Australia to set a breeding program to boost banana shrimp farming
Charles Darwin University (CDU) is working with prospective shrimp farmers on a breeding program for banana shrimp to support shrimp farming operations in the Australian Northern Territory.
Charles Darwin University (CDU) is working on a breeding program for banana shrimp to support shrimp farming operations in the Australian Northern Territory. The University partnered with prospective shrimp farmers Barramundi Adventures at Berry Springs and Bynoe Barramundi at Sandpalms, Dundee. Shrimp farming is Queensland’s largest aquaculture sector but there are currently no actively operating farms in the Territory.
As a part of the selective breeding program, CDU will breed shrimp out to 15 mm, where they will be sent to producers to grow out. CDU aquaculture lecturer, Morris Pizzutto, said that wild banana shrimp broodstock have been collected from local waters, and post-larvae are being produced by CDU for stocking to industry.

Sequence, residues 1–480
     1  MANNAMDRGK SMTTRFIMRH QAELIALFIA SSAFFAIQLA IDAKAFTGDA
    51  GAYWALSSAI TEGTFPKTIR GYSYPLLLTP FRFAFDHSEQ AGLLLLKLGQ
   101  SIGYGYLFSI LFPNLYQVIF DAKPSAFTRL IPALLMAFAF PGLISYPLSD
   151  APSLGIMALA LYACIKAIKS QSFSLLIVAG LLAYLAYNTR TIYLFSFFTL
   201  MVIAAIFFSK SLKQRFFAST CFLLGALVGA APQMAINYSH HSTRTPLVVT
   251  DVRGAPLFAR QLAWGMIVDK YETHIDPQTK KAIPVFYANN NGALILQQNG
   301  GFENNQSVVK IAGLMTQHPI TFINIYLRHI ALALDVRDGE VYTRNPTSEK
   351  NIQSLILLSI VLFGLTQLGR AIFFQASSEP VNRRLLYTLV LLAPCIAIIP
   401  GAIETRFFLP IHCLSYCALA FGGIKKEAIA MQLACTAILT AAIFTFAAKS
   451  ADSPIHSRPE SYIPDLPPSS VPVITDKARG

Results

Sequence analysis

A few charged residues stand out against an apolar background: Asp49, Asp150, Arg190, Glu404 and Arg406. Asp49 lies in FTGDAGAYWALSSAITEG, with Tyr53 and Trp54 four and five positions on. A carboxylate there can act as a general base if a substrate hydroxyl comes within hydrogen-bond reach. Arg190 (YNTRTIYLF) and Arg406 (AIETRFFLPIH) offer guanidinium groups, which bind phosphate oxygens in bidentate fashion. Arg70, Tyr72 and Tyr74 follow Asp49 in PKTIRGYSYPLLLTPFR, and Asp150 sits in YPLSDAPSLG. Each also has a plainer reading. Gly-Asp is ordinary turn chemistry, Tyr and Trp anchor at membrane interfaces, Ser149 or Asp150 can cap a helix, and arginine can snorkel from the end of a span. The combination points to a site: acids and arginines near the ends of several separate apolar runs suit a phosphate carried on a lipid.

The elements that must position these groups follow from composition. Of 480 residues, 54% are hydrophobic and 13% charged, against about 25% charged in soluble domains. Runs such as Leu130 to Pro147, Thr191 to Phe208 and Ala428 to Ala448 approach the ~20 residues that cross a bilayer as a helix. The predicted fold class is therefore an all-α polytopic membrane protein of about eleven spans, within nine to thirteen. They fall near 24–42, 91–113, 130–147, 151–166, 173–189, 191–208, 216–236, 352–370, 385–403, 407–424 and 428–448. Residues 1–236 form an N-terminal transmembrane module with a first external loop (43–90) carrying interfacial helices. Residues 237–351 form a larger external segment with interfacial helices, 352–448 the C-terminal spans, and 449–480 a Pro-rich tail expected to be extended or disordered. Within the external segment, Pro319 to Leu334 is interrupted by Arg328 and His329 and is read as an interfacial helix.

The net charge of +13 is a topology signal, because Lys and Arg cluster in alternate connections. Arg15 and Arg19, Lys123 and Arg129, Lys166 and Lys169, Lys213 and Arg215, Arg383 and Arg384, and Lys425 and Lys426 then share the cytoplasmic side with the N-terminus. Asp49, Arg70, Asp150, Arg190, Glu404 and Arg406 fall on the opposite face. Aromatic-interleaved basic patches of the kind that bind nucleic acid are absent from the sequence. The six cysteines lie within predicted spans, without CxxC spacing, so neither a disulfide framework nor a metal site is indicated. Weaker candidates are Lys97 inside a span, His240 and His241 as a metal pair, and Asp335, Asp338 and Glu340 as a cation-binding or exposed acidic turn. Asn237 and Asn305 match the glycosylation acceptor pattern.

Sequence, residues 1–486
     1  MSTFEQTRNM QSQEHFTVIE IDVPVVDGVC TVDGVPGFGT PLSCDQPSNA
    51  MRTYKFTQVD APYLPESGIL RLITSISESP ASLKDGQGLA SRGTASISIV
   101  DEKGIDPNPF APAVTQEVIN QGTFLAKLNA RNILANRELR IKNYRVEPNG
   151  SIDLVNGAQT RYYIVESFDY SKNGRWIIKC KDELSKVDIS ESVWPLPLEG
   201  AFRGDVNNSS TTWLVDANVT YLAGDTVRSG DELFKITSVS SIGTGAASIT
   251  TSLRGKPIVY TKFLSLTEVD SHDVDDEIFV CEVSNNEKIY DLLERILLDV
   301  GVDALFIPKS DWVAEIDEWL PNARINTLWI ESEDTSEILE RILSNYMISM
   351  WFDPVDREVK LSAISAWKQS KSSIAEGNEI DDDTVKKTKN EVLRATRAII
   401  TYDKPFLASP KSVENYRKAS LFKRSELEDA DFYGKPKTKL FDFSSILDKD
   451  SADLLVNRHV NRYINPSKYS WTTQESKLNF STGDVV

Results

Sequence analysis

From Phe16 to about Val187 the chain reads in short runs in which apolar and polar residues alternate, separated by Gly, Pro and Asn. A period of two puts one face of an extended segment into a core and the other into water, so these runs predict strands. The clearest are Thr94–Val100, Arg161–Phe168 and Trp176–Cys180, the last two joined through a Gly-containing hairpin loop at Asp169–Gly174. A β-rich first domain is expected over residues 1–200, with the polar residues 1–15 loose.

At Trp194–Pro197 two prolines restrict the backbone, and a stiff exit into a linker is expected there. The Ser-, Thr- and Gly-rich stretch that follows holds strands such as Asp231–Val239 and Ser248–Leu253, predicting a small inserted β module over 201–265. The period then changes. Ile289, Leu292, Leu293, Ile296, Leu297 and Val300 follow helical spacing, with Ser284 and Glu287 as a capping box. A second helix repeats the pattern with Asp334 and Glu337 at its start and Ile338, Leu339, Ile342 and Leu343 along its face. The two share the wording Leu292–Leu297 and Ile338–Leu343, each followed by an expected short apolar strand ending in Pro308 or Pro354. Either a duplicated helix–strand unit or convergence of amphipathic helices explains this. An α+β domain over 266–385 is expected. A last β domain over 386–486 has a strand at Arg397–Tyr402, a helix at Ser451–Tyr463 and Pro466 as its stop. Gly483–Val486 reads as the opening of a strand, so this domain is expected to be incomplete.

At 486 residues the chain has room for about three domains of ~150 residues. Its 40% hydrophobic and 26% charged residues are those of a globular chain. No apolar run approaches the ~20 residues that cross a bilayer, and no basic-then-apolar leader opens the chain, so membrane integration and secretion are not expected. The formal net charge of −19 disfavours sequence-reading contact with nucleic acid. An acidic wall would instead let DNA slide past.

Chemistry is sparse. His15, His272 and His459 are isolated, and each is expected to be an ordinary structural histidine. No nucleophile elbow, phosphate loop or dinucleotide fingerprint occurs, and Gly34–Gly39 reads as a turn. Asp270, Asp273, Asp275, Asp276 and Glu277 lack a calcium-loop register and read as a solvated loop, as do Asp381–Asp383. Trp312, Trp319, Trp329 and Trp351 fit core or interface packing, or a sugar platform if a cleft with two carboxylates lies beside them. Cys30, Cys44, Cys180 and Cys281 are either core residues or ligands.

CDU is responsible for the maturation and spawning of shrimp broodstock and larval rearing for three consecutive generations to produce post-larvae for stocking to grow-out ponds. Barramundi Adventures and Bynoe Barramundi will be responsible for growing out of the post-larvae to mature adult-sized shrimp to act as broodstock for the next generation. After growing out, adult prawns will be selected from these ponds and returned to CDU to produce second-generation larvae to create a commercially viable prawn for continued aquaculture production in the Northern Territory.
Bynoe Barramundi owner, Greg Cooling, said the project would benefit producers and he was interested in exploring the potential for the industry in the Northern Territory. “If we can prove that we can do it, it’s going to open up a lot of doors – it’s an industry with a huge amount of potential. Once they’ve been rebred several times, those shrimps then become quite valuable, they become even easier to breed and some end up quite massive,” Cooling said.